The discussion in the Supreme Court has quickly turned from whether the case can be heard to whether the individual mandate is consitutional to whether the entire Patient Protection and Affordable Care Act law falls as a result of any part being declared unconstitutional.
In one of the most interesting discussions on Wednesday, Justice Samuel Alito asked what the fallback position would be for the rest of the act if the mandate were declared unconstitutional. He then referred to the amicus, or "friend of the court," brief filed by AEI health experts Thomas Miller, Joe Antos, Jim Capretta and Chris Conover, among others, which contends Title I, mandating the establishment of health exchanges and the means to pay for them, must go.
In response, Paul D. Clement, lead attorney for the petitioners and a former solicitor general under President George W. Bush, said that Title I and "a handful of related provisions that are very closely related to that are really the heart of the act."
"At a certain point, I just think that, you know, the better answer might be to say, we've struck the heart of this act, let's just give Congress a clean slate. If it's so easy to have that other big volume get reenacted, they can do it in a couple of days; it won't be a big deal. ... I'd rather suspect that it won't be easy," Clement said.
Here are some other pieces by Conover, Capretta and AEI fellow J.D. Kleinke relating directly to the case.
- AFTER OBAMACARE?: In a just-published piece in National Affairs, AEI visiting scholar and health expert James Capretta sets out the seven principles for an effective, market-based solution to America's health care problems. His proposal would address the systems current flaws, without relying on centralized federal power.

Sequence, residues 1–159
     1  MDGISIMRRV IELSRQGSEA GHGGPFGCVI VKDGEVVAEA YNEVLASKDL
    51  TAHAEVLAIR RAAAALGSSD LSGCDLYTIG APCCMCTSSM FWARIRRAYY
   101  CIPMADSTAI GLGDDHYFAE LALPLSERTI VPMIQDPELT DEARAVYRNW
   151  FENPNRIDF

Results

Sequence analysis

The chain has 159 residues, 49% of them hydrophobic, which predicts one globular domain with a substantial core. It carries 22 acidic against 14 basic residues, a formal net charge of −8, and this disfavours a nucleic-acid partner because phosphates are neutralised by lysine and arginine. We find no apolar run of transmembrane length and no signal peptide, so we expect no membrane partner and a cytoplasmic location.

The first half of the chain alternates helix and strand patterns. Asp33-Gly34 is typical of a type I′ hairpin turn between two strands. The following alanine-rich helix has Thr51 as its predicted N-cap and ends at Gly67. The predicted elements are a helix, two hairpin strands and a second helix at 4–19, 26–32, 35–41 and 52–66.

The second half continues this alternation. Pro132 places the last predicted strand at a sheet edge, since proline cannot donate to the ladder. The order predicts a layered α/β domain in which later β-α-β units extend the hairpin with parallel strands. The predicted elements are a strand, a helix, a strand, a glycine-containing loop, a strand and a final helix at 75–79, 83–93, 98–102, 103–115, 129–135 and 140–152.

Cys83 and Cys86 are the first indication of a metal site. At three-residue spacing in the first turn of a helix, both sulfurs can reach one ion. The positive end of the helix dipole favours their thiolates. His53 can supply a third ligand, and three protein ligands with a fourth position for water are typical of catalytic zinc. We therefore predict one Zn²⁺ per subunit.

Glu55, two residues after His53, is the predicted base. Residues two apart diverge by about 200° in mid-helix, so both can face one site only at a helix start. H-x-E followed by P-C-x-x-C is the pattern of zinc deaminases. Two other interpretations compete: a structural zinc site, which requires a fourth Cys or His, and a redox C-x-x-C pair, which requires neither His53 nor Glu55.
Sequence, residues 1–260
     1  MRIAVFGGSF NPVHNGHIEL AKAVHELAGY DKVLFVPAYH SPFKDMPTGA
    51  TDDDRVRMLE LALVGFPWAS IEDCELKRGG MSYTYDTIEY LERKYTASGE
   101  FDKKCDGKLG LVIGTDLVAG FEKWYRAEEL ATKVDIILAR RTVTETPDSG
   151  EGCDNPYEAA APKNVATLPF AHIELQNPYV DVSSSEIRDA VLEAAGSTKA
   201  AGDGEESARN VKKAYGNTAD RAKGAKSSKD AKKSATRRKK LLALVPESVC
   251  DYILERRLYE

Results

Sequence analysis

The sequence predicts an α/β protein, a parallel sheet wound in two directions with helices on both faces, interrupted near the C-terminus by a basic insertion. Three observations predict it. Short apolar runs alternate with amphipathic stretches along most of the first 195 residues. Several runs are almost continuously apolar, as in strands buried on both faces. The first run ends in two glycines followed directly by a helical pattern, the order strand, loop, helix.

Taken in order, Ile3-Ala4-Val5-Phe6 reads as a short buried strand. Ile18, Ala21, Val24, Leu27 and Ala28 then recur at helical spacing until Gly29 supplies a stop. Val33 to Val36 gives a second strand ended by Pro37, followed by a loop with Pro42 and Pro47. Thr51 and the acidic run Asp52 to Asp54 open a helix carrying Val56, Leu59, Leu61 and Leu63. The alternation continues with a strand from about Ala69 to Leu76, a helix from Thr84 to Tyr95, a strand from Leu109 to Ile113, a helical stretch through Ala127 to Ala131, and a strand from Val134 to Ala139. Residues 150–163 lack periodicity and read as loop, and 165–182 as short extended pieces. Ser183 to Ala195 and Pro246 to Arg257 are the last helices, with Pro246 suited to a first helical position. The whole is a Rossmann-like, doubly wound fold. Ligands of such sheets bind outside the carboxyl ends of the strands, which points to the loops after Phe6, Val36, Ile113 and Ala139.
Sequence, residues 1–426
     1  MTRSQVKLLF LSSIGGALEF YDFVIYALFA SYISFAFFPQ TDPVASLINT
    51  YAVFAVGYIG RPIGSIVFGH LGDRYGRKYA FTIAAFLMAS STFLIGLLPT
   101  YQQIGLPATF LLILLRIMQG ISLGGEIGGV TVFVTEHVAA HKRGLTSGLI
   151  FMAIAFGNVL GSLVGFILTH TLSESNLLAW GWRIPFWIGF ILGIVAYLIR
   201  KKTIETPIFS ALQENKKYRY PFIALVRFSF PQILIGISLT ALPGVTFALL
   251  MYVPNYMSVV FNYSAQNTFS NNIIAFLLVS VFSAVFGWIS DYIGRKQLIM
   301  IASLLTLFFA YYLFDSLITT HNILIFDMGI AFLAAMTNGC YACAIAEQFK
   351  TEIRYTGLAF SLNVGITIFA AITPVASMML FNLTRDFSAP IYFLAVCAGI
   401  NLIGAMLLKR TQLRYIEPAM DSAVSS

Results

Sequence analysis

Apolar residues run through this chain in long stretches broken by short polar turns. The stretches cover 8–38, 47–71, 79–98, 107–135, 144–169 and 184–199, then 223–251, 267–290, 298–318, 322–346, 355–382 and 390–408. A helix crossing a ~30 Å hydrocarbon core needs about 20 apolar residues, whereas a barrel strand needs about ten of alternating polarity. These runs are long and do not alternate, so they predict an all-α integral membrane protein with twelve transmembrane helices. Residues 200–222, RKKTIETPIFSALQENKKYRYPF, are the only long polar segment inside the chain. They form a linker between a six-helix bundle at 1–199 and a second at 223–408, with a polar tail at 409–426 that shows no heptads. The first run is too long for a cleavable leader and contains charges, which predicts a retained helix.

- SLIPPERY SLOPE?: In a new post, AEI expert and Duke University professor Christopher Conover examines Justice Scalia's line of questioning: if lack of exercise, like failing to cover the uninsured, raises health costs for all, could the government mandate exercise? Conover does the math. The failure to purchase health insurance raises rates for the insured by at most 20 cents per day (and more accurately 6 cents per day), far less than the almost 50 cents per day cost of failing to exercise. Conover is the author of American Health Economy Illustrated (AEI Press, 2012), an essential compendium of health information.
- PERILS OF WAITING: In a new op-ed, AEI resident fellow J.D. Kleinke, an expert on the business of health care, describes how the health care industry and state governments are watching and waiting for the Court’s decision--and in doing so, harming the health system. Businesses are consolidating and shifting capital away from innovation to prepare to implement the health reform law's mandates. State governments have delayed creating the exchanges necessary to implement the new law because of the uncertainty surrounding the case, and so have enabled the federal government to take on that task and gain more power.